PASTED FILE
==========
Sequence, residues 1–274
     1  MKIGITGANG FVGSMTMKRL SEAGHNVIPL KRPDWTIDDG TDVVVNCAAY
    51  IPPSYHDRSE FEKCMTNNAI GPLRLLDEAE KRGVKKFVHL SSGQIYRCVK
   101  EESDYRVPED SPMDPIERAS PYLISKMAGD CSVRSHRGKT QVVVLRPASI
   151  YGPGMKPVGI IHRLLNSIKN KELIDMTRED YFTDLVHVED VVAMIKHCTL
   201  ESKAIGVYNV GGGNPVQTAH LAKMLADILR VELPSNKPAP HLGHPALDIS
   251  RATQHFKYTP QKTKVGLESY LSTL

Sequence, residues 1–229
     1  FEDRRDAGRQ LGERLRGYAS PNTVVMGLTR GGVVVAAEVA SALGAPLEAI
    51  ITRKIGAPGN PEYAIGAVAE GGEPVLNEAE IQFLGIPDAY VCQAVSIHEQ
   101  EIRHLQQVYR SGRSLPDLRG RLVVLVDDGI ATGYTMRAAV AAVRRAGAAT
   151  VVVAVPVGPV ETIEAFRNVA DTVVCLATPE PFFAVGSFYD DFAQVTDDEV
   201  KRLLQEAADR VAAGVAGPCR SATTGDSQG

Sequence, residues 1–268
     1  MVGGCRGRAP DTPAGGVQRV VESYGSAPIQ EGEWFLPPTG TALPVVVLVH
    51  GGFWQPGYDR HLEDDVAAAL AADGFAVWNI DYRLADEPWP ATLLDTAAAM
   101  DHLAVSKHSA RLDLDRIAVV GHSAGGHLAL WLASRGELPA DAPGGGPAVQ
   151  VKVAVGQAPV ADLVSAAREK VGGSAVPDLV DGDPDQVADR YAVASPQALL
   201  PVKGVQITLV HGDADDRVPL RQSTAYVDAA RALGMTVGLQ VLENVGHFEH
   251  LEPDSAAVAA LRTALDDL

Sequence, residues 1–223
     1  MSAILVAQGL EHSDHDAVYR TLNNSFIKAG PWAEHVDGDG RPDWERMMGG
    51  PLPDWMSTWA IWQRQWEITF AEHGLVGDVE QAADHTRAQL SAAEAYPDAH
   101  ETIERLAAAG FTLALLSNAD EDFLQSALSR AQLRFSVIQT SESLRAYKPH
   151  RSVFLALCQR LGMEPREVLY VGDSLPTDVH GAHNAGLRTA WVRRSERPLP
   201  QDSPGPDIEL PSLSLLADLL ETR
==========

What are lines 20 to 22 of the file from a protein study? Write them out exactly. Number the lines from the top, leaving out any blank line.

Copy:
   251  LEPDSAAVAA LRTALDDL

Sequence, residues 1–223
     1  MSAILVAQGL EHSDHDAVYR TLNNSFIKAG PWAEHVDGDG RPDWERMMGG